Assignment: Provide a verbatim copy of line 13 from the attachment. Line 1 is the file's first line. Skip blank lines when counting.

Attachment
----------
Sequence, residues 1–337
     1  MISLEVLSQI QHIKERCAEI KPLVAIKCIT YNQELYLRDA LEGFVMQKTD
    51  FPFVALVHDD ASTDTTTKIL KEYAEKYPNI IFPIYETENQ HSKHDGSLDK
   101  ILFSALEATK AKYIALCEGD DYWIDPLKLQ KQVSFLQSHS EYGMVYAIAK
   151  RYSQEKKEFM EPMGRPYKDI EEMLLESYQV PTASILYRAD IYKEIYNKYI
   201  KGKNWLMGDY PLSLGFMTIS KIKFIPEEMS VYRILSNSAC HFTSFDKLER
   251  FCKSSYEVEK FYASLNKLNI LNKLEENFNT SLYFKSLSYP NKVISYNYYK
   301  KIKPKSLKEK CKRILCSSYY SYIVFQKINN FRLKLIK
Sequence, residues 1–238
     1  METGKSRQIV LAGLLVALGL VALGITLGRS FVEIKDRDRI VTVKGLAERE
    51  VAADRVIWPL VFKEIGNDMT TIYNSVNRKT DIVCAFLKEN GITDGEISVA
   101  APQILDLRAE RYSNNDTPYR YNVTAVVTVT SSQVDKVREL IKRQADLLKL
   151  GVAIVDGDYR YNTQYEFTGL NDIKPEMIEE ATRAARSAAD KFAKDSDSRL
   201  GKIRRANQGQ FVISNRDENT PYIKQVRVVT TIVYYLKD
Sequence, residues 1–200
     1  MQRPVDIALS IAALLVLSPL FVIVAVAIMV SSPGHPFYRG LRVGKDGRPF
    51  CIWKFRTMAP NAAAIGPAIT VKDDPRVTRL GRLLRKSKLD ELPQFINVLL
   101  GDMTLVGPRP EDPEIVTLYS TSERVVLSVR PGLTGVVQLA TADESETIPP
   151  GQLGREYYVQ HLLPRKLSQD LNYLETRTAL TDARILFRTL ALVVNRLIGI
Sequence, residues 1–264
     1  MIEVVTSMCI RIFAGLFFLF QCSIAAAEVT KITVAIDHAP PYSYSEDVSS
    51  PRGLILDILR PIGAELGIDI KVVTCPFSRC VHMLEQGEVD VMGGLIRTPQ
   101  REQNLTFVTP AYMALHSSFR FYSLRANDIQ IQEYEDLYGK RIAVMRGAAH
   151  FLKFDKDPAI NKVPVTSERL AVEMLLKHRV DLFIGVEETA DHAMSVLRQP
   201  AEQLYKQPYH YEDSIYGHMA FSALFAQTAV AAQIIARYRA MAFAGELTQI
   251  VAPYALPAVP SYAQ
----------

   151  GVAIVDGDYR YNTQYEFTGL NDIKPEMIEE ATRAARSAAD KFAKDSDSRL